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This book describes Conduct Disorder, Diagnosis and Treatment and Related Diseases
Conduct disorder is a serious behavioral and emotional disorder that can happen in children and teens.
A child with this disorder may exhibit a pattern of disruptive and violent behavior and have difficulties following regulations.
It is not infrequent for children and teens to have behavior-related troubles at some time (at least 12 months) during their development of their lives.
The behavior is regarded as a conduct disorder when it is long-lasting (at least 12 months) and when it infringes the rights of others, goes against acknowledged norms of behavior and disrupts the child's or the family's everyday life.
The precise cause of conduct disorder is not clear, but it is thought that a combination of biological, genetic, environmental, psychological, and social factors have a part to play.
Conduct disorder has been linked to certain brain areas involved in controlling behavior, impulse control, and emotion.
Many children and teens with conduct disorder have close family members with mental illnesses, such as mood disorders, anxiety disorders, substance use disorders and personality disorders.
Factors such as a dysfunctional family life, childhood abuse, traumatic experiences, a family history of substance abuse, and contradictory discipline by parents may add to the development of conduct disorder.
Some doctors believe that conduct disorders can indicate problems with moral consciousness (notably, lack of guilt and remorse) and deficits in cognitive processing.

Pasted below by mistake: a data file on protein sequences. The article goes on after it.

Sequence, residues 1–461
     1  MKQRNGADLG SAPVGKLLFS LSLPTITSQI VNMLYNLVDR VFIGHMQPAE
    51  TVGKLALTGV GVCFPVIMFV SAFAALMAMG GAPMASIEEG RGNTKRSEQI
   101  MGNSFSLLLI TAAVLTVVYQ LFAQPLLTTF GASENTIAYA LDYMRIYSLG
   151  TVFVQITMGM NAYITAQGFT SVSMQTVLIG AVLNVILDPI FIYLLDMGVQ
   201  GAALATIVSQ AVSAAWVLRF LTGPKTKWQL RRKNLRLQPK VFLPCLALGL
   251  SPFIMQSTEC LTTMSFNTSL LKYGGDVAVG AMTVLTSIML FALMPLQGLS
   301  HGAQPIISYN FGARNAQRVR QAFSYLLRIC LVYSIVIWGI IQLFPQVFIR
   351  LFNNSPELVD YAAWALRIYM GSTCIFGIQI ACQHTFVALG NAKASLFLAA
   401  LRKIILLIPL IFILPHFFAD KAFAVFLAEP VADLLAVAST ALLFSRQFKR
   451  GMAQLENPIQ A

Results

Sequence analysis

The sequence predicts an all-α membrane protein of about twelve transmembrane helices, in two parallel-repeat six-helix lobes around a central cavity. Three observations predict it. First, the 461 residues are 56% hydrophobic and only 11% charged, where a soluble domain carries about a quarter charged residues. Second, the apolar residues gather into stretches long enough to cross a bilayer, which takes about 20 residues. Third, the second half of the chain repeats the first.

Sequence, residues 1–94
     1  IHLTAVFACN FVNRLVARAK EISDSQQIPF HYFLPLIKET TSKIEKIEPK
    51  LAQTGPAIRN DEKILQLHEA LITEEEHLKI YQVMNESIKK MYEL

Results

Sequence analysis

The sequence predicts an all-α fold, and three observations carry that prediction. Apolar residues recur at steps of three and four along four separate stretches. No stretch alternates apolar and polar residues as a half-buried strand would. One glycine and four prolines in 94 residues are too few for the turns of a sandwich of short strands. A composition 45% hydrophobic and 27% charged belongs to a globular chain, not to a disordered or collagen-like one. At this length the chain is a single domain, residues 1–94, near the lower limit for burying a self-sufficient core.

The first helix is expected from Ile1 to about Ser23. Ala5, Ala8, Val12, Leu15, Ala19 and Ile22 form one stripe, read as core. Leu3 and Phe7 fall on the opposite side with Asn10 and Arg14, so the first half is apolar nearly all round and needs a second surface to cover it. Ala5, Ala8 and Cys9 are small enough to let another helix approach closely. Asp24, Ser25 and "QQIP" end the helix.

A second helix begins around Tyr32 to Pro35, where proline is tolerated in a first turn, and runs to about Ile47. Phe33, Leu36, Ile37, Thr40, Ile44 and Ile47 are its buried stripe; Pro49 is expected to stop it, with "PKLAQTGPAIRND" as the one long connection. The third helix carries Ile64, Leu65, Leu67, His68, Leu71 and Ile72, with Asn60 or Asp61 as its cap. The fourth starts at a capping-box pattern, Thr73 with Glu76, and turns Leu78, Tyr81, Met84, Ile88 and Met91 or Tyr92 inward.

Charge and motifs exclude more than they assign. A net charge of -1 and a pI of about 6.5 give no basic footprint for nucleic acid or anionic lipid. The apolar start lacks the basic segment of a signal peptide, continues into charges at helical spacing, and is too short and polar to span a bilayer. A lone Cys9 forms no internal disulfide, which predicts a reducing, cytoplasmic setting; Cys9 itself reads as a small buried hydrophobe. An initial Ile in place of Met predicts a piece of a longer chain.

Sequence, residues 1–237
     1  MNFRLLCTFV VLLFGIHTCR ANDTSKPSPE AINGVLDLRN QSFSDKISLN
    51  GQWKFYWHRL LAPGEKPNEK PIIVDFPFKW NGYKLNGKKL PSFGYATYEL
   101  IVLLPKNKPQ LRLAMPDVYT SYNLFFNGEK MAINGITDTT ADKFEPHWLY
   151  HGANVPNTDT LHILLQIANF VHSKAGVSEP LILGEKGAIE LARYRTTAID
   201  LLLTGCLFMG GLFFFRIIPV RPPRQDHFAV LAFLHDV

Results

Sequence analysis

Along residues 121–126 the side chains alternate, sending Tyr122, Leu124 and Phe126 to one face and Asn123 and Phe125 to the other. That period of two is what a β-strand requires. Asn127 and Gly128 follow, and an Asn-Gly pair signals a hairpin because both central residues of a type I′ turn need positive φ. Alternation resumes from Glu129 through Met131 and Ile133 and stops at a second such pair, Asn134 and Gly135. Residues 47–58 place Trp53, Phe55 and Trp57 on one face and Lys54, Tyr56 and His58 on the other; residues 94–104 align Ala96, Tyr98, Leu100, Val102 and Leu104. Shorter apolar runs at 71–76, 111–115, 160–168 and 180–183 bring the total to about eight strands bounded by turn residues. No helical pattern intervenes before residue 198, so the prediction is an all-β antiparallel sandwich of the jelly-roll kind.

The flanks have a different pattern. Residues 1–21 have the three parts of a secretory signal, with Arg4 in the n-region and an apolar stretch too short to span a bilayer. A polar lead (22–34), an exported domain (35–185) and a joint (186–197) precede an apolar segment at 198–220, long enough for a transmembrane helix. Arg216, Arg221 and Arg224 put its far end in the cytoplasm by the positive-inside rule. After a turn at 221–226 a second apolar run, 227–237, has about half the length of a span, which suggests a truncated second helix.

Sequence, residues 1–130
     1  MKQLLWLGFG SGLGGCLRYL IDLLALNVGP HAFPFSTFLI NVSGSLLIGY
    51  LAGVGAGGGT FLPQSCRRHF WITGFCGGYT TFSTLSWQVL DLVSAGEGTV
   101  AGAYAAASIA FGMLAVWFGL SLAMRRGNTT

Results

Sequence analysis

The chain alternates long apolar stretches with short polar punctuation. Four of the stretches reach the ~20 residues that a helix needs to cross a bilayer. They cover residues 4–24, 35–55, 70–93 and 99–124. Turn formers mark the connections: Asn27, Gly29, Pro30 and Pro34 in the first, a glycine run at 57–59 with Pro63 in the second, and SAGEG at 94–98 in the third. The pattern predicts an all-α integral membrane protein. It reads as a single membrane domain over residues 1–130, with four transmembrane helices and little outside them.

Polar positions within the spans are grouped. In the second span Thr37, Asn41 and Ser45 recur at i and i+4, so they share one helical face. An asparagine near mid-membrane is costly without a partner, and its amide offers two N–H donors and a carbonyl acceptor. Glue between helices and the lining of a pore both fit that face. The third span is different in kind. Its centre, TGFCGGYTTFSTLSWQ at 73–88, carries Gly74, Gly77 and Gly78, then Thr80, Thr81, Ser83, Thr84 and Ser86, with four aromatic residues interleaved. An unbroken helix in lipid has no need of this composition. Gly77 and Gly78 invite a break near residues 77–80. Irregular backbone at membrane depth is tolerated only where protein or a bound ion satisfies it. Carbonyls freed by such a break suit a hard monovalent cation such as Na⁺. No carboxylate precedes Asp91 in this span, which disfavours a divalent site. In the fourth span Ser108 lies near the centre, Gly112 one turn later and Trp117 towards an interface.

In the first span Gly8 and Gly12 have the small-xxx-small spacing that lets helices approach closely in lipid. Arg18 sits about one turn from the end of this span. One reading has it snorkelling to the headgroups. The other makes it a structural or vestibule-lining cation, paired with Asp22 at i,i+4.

Low socioeconomic status and not being acknowledged by their peers seem to be risk factors for the formation of conduct disorder.
Generally, symptoms of conduct disorder are divided into 4 general categories
Violation of rules
Treatment normally comprises a combination of these therapies:
Cognitive behavioral therapy focuses to reshape the child's thinking (cognition) to improve problem solving skills, anger management, moral reasoning skills, and impulse control.
Family therapy can help family members communicate more effectively and help parents learn methods for de-escalating conflict with their child
Group therapy with the child or teen’s peers is sometimes used to help them develop interpersonal skills and behaviors that foster empathy
School support is a very important component of treatment to help the child with conduct disorder
Parent management training (PMT) teaches parents ways to positively change their child's behavior at home
While there is no medicine formally approved to treat conduct disorder, various drugs may be used to treat:
1. Some of its distressing symptoms (impulsivity, aggression, deregulated mood), and
2. Any other mental illnesses that may be present, such as ADHD or major depression
Conduct disorder can occasionally cause depression, bipolar disorder or other mental health difficulties later in life, so early assessment and treatment is important for children.
Treatment may be difficult since children are often not cooperative and distrustful of adults.
Treatment for conduct disorder normally requires both personal and family therapy, and the primary goal of treatment is to help the person improve interactions with others.
TABLE OF CONTENT
Chapter 1 Conduct Disorder
Chapter 2 Causes
Chapter 3 Symptoms
Chapter 4 Diagnosis
Chapter 5 Treatment
Chapter 6 Prognosis
Chapter 7 Antisocial Personality Disorder
Chapter 8 Oppositional Defiant Disorder